“A little less than a year after IBM announced the launch of its Business Analytics and Optimization Services, a client-focused consultancy to provide business analytics, it has announced the opening of a global hub in China for the development of new predictive analytics software. The new hub is to be part of IBM’s China Development Laboratory (CDL), IBM’s largest network of software labs with more than 5,000 software engineers, and follows a pattern that IBM has laid down over the past year that has seen business analytics hubs being opened in locations as far apart as the UK and India.”—IBM Extends Business Analytics Capabilities With Global HuB | CMS Wire
IBM will lead a research project in the United Kingdom intended to assess the infrastructure needed to bring electric and plug-in hybrid electric vehicles to the mass market, the company announced late Thursday.
The British government has committed more than $453 million to create infrastructure for plug-in vehicles, with some projects already being introduced in London and elsewhere in the U.K. Under the agreement, IBM will coordinate a group of U.K. companies, including the Electronic Technologies Institute, EDF Energy, E.ON and Imperial Consultants.
“Able to “feel” and sense the movement of individual atoms, the researchers’ new MEMS sensing device uses small carbon tubes, nano in size — about one-billionth of a meter long … Prof. Hanein and her team have developed a sensitive but abundant and cost-effective material that can be coated onto prosthetic limbs, inserted into new video games for more exciting play, and used by the auto industry to detect a potential collision before it becomes fatal.”—A more sensitive sensor using nano-sized carbon tubes | Physorg.com
“The use of light waves could be a convenient high-speed alternative to present-day WiFi networks. Researchers in Germany have set a new speed record in the race to send data across light waves. The breakthrough heralds the day when domestic light fixtures will double as broadband transmitters. “The advantage is that you’d be using light that is already there,” says Dr. Jelena Vučić, a scientist at the Fraunhofer Institute for Telecommunications, Heinrich-Hertz-Institute, in Germany. The use of light waves could be a convenient high-speed alternative to present-day WiFi networks. Work to hammer out a standard in this field is being carried out by the IEEE 802.15.7 task group. The lights used are not the common incandescent and fluorescent bulbs of today, but LED fixtures that are widely expected to become prevalent in the future. Data is transmitted by modulating or flickering the blue spectrum of the light very quickly—so fast that it’s invisible to the eye.”—Let There Be Broadband: Light Fixtures of Tomorrow Will Handle Data - Technology For Change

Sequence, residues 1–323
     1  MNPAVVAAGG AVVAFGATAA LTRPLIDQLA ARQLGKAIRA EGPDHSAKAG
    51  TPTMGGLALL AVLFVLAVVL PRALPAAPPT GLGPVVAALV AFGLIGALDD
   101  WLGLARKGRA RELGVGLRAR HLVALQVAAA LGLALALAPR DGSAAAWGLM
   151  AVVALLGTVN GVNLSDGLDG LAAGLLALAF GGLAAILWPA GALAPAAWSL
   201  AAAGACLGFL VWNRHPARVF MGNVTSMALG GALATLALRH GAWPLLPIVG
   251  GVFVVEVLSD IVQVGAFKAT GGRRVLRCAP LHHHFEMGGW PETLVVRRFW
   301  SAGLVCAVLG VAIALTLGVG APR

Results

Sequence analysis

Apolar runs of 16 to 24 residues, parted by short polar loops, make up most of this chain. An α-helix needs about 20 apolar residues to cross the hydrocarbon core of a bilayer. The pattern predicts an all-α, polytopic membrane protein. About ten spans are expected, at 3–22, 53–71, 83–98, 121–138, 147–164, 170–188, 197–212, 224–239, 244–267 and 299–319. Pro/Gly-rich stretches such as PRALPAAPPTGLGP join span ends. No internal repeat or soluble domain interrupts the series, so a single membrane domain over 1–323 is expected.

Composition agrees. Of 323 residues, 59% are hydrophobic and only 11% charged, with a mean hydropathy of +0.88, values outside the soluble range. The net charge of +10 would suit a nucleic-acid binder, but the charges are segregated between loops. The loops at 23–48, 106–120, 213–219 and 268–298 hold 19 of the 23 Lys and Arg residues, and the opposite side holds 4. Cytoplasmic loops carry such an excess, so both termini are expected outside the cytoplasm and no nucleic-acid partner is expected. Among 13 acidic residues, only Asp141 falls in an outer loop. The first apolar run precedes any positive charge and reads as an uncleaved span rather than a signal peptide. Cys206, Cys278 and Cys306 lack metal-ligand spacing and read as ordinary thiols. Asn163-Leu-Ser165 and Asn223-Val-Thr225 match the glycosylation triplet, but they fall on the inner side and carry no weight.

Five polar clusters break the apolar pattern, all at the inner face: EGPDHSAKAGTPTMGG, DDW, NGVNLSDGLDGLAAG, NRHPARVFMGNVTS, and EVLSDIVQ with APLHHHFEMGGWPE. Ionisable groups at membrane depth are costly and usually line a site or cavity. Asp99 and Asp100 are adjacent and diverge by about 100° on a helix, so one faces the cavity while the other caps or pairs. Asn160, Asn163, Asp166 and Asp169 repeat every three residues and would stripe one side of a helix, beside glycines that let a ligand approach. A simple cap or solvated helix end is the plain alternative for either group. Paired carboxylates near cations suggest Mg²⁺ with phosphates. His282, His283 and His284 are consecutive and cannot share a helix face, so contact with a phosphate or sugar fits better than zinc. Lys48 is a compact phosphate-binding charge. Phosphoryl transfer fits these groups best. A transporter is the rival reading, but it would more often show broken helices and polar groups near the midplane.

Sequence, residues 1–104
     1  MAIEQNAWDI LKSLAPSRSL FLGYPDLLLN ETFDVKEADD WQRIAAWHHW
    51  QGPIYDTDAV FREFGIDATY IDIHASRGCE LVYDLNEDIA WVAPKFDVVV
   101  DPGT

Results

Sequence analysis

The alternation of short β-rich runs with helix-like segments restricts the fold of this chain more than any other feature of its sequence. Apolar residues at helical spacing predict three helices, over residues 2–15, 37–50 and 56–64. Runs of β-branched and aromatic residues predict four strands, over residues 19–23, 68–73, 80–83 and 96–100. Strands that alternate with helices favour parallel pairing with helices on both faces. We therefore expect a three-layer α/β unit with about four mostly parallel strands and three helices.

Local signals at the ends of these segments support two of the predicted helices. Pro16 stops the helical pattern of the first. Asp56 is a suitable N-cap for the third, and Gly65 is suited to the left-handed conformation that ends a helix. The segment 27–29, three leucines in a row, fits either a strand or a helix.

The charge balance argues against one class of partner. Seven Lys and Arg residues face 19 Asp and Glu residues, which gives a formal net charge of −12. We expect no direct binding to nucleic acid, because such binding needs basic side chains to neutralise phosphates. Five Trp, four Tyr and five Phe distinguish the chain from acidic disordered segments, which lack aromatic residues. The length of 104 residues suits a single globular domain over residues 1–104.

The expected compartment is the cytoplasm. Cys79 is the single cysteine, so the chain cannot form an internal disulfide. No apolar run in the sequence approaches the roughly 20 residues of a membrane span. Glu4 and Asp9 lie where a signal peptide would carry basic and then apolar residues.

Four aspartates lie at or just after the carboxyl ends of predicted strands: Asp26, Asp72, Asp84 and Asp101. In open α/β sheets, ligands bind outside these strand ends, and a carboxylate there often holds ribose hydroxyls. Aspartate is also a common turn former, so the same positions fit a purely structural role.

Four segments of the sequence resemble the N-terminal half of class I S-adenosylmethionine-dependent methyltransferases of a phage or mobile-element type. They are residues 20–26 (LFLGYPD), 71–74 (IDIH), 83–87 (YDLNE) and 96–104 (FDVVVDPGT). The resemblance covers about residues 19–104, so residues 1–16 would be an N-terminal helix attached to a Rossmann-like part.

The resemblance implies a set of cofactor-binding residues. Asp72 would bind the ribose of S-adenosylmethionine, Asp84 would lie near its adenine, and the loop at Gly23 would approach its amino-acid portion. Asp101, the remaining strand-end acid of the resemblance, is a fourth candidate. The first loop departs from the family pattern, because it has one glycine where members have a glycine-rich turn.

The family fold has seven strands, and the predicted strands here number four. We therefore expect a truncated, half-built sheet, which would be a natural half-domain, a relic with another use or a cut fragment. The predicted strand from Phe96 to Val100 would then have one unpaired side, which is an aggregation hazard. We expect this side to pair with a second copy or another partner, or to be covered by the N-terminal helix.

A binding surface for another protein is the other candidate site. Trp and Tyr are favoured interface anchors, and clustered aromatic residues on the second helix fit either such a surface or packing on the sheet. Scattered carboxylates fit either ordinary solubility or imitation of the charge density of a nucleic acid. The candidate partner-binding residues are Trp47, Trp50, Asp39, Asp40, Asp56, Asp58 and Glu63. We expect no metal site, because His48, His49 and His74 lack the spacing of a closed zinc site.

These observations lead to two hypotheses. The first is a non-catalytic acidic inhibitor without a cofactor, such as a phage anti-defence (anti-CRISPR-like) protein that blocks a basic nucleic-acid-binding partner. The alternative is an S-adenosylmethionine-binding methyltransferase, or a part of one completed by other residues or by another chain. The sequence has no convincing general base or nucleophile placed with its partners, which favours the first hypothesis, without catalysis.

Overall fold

Sir Tim Berners-Lee, inventor of the World Wide Web, and prominent researcher Nigel Shadbolt will lead a new British Institute for Web Science with $45 million in government backing. The announcement was not without its critics, but the Institute could have a world-wide impact. The two men collaborated in helping build the excellent data.gov.uk and will now expand upon that work. Prime Minister Gordon Brown said of the move: “We are determined to go further in breaking down the walled garden of Government…This Institute will help place the UK at the cutting edge of research on the Semantic Web and other emerging web and internet technologies.”
IBM Takes Customer Service to Another Level | IT Business Edge.
Everyone can relate to this customer predicament. You need help with a particular product or service, but you wind up having to call customer service multiple times. Each time, however, you have to talk to somebody different. So each time, you have to explain the problem over again.
Wouldn’t it be nice if somehow the call center systems used by the customer service department knew it was you who was calling and automatically routed you to the representative that could best handle your call. That’s the promise of a Real-Time Analytics Matching Platform (RAMP) that IBM has developed in conjunction with Assurant Solutions, a unit of the specialty insurance provider.
Chui: The Internet of people is now also the Internet of things. It includes embedded sensors on devices connected over networks—usually wireless—to analytical resources. It’s really incorporating the physical world with the electronic world. People have been talking about this concept for years, but the number of real deployments is starting to accelerate. We found six different applications of technology under two broad categories. One of those categories is information and analysis, which is mostly around the sensors receiving information. The other is around automation and control, where you really close the loop from sensing to actuation. We found people creating new business models and improving the operations of existing businesses.
“The Real-Time Analytics Matching Program (RAMP) is an attempt at improving the traditional call center experience, where calls are routed via few menu options, such as which language the caller speaks and the type of product involved, but don’t necessarily end up getting handled by an agent capable of resolving the problem.”—IBM, Insurer Develop ‘eHarmony for the Call Center’ - PCWorld Business Center